Tim Swanson’s looooooong article pointing out the lack of oversight, due diligence and inquisitiveness in the cryptocurrency sector has many good points. The space could use more scrutiny.
I don’t agree with the insinuation, though, that CoinDesk’s reporting on ICOs infringes securities laws. Not even in a physically challenging stretch of the imagination can informing readers of how much has been raised be interpreted as solicitation, any more than reporting on bitcoin’s price can be taken to mean a recommendation to buy. Also, any reader of CoinDesk would know that the journalists report the news, they don’t give opinions (except for me, but that’s my job, and I’ve never “promoted” anything – occasionally I’ll opine on end uses for tokens, but no market recommendations are given). And our opinion pieces from industry experts are labelled as such.
Tim is right, though, in that all of us who work in blockchain media need to be careful in our reporting, especially given the rampant hype. Some myth-busting is generally constructive. And it’s good to have thinkers out there who can call the sector to account.
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A group of Japanese banks plans to introduce a new digital currency – J-coin, of course – in time for the 2020 Olympic Games.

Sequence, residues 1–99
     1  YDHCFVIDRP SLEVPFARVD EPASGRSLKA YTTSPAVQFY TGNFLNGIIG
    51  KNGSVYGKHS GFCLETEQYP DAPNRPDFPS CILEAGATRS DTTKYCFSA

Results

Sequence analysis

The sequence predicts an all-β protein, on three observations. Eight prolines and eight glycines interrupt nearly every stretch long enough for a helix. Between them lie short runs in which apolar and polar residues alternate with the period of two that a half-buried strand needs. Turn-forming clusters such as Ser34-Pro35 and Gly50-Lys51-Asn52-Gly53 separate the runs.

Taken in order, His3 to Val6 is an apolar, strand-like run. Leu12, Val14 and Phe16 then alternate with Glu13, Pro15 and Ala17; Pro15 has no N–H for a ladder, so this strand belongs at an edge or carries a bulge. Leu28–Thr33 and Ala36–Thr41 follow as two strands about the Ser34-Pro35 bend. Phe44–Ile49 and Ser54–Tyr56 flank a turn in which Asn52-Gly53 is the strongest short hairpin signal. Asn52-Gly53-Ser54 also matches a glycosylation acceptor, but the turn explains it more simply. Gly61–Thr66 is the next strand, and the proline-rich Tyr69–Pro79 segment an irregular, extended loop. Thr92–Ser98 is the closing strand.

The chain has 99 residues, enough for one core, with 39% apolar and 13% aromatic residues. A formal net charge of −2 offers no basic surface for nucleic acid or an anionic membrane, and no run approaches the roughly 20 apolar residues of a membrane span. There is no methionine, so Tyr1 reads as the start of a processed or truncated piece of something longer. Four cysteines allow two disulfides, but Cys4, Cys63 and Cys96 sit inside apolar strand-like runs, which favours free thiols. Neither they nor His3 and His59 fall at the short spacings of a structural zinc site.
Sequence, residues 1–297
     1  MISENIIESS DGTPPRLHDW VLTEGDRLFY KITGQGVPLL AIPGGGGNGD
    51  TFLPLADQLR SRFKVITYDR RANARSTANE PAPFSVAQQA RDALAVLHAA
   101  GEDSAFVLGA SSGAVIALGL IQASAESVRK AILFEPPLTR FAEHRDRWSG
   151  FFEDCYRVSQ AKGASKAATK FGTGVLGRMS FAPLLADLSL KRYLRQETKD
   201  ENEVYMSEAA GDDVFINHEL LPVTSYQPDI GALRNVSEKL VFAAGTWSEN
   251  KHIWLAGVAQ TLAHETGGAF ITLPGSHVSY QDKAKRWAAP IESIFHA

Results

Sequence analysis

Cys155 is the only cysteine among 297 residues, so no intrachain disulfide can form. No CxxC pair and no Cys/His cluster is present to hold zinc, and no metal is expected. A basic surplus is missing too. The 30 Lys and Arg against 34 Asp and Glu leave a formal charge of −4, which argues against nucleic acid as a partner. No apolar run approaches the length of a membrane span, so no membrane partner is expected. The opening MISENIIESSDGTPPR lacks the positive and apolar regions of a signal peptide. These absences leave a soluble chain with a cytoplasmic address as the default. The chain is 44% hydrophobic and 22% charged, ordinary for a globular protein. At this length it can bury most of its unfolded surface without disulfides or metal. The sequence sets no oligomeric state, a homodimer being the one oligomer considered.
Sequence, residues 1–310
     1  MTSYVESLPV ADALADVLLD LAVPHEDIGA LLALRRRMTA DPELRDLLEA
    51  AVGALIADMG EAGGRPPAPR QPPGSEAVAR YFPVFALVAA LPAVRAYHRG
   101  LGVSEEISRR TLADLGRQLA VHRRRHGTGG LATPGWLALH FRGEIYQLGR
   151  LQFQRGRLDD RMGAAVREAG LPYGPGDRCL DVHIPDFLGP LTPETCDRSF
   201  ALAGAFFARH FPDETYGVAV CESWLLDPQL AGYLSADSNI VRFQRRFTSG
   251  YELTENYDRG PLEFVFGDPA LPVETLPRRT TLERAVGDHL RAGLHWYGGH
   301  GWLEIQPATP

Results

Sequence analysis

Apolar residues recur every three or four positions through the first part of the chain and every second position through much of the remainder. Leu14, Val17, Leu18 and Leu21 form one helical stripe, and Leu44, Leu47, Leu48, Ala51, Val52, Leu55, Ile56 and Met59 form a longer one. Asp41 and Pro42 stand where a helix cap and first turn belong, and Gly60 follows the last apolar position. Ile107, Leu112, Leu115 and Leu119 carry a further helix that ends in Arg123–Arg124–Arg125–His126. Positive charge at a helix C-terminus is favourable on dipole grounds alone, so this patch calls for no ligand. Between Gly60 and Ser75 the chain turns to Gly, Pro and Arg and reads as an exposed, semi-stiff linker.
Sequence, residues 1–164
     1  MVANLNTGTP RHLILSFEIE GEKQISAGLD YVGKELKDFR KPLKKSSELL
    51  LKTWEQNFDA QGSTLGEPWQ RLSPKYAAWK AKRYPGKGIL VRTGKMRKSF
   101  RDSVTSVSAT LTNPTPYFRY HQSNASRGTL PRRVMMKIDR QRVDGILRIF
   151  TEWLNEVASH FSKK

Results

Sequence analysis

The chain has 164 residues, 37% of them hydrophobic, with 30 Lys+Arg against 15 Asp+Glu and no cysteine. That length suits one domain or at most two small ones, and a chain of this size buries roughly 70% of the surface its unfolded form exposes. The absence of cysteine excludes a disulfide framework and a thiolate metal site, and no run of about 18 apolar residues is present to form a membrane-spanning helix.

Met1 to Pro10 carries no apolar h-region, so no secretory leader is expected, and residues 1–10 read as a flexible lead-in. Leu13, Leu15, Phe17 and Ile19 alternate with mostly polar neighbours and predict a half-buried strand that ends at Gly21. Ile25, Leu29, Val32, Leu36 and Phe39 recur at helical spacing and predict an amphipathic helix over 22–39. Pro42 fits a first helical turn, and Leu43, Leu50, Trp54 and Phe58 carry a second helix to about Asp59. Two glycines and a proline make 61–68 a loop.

It’s not based on the blockchain.
Japanese bank MUFG has been working on their own blockchain-based currency, but is reported to be considering joining the J-coin consortium.
Does this mean that blockchain lost?
No, of course not. Let’s see how the non-blockchain version works before we decide. It almost certainly won’t have the same privacy features.
It is curious that Japan, with its technologically-aware populace, is so reluctant to go digital with payments. 70% of transactions are still conducted with cash, vs around 30% for most western countries… This would be interesting to unpack some more, and could teach us much about the potential progress of digital coins in less developed countries.
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Ben Thompson of Stratechery on the advantages of blogs vs books.
“It became increasingly apparent, to me anyways, that while books remained a fantastic medium for stories, both fiction and non, blogs were not only good enough, they were actually better for ideas closely tied to a world changing far more quickly than any book-related editorial process can keep up with.”
Like blockchain and business, maybe??
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A bookshop-themed youth hostel? Almost enough to make me want to be young again… (via My Modern Met).